Exploring new materials by high-pressure synthesis

Iron-based superconductors are a family of materials that attracts considerable attention, because of the high-temperature superconductivity and unconventional pairing mechanism. All compounds have a conducting layer made of iron and a pnictide (often Arsenic) and differ from the atoms and structure in between those layers. Among the different families, the Ca1−xLaxFeAs2, known as 112, is a recently discovered one. It also displays the peculiar property of having a conducting plane made of As zig-zag chains, as well as microscopic coexistence of superconductivity and antiferromagnetic order.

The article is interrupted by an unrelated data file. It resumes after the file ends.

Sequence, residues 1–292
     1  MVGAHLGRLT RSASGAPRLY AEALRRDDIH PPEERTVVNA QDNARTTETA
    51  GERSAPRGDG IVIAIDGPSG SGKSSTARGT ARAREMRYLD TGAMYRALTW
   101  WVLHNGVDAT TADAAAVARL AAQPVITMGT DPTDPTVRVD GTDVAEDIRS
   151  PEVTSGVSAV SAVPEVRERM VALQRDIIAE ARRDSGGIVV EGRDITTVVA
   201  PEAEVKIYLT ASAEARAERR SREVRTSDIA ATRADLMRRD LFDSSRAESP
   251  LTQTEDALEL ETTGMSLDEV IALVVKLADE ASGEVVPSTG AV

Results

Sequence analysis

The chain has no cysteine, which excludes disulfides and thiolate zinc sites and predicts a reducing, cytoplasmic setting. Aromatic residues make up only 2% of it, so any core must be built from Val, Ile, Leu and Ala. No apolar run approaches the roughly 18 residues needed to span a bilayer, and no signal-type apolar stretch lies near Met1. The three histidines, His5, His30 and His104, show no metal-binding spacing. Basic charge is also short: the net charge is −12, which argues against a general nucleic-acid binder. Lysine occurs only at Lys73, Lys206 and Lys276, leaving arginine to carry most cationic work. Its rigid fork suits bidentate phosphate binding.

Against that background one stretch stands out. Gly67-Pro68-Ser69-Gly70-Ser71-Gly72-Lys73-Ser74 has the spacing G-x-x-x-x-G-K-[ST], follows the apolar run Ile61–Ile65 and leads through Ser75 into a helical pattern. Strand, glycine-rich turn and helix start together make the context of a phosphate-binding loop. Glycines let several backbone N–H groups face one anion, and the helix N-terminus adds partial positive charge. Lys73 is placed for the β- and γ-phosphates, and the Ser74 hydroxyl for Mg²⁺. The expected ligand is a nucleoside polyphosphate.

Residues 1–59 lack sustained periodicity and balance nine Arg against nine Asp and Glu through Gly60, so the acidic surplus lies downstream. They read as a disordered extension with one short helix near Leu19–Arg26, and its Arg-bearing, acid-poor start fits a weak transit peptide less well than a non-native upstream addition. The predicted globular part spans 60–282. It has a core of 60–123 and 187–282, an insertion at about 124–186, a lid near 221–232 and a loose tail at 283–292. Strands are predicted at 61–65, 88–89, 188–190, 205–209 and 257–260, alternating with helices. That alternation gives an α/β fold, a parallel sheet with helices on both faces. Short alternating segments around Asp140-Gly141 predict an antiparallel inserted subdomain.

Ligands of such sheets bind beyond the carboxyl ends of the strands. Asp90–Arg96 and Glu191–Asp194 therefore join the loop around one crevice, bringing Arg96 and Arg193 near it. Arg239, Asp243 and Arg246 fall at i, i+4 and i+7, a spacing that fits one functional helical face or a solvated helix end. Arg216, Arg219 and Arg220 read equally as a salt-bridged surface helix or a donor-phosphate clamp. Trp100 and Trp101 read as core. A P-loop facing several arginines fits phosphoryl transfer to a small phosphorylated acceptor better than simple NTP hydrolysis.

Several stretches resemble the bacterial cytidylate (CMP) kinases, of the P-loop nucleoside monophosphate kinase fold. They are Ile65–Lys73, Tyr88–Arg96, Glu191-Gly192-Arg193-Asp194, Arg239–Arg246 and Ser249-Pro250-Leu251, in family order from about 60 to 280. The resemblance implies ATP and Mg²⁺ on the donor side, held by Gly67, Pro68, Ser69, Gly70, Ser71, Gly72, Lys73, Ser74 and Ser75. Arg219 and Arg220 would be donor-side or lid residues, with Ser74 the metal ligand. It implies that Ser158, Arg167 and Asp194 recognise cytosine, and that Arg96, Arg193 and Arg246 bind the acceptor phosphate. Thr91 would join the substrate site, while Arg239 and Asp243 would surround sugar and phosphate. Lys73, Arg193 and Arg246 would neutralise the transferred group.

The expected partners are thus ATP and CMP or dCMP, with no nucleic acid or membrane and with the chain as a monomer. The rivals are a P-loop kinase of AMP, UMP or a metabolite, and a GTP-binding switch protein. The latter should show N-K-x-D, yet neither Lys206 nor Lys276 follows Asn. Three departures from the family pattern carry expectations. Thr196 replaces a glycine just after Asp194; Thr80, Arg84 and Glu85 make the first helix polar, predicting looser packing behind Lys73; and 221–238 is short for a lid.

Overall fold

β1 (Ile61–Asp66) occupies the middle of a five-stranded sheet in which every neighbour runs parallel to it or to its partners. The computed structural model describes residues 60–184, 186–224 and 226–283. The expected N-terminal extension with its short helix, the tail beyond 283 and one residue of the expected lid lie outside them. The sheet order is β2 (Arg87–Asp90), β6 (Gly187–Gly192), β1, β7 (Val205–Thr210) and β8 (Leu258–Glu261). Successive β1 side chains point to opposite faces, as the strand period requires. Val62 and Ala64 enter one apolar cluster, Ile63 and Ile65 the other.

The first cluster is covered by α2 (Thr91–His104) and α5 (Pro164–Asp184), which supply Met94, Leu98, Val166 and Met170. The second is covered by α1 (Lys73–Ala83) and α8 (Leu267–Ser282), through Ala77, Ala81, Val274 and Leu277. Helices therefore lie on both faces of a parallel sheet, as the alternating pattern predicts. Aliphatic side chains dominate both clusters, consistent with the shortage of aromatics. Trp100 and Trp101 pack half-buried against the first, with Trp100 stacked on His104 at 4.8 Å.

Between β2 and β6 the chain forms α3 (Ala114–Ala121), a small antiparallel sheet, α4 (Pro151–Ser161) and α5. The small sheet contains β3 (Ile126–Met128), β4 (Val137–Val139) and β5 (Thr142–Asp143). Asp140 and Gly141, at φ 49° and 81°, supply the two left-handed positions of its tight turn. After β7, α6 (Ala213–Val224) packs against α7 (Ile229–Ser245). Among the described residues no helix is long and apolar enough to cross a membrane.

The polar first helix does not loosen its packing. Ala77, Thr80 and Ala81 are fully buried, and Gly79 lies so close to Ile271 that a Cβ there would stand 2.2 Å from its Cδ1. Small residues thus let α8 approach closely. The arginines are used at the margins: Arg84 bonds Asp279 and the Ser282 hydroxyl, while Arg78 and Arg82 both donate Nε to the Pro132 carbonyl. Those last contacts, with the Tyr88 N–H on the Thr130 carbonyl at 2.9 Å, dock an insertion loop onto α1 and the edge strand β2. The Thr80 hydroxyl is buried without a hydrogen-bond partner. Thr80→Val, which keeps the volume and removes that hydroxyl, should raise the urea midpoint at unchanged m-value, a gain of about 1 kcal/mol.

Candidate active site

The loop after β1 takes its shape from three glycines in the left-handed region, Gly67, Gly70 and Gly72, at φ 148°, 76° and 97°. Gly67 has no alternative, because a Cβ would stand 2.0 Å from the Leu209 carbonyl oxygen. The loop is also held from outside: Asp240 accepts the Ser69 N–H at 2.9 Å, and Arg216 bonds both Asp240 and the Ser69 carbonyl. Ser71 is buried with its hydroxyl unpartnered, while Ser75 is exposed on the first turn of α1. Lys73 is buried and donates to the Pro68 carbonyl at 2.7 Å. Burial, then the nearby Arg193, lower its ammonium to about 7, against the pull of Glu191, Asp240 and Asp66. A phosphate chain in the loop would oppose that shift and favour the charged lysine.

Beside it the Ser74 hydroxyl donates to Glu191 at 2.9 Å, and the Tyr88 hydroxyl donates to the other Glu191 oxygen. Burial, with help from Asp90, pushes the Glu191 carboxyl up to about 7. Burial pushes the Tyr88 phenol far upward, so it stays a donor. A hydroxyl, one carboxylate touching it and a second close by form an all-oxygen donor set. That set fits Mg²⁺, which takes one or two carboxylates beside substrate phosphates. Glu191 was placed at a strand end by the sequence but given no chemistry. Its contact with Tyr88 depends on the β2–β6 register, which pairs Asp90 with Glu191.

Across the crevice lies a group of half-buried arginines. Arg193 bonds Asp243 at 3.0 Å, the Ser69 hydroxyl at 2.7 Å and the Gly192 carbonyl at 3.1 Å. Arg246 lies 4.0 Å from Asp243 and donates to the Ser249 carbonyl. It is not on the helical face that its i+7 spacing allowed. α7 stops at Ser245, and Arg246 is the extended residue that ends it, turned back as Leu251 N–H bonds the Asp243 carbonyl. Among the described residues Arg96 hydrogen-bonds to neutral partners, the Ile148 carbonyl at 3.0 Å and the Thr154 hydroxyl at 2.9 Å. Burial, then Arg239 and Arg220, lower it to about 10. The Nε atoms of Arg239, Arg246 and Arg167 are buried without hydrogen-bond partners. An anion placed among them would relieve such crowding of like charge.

Using the high-pressure crystal growth apparatus in our laboratory, we created and investigated a new composition of 112 Fe-based superconductors, exploring the material properties when overdoped with electrons, achieved by replacing more than 50% Ca by La. Magnetic measurements show an antiferromagnetic transition at TN= 120 K, well above the one at lower doping (0.15 < x < 0.27). Because of the limited size of single crystals produced by high-pressure synthesis, Focused Ion Beam microstructure was used to prepare a hall bar sample for magnetoresistance and Hall coefficient measurement. To complete the study, single-crystal X-ray diffraction data have been collected at ESRF Synchrotron, further strengthening our findings from magnetization and transport measurements.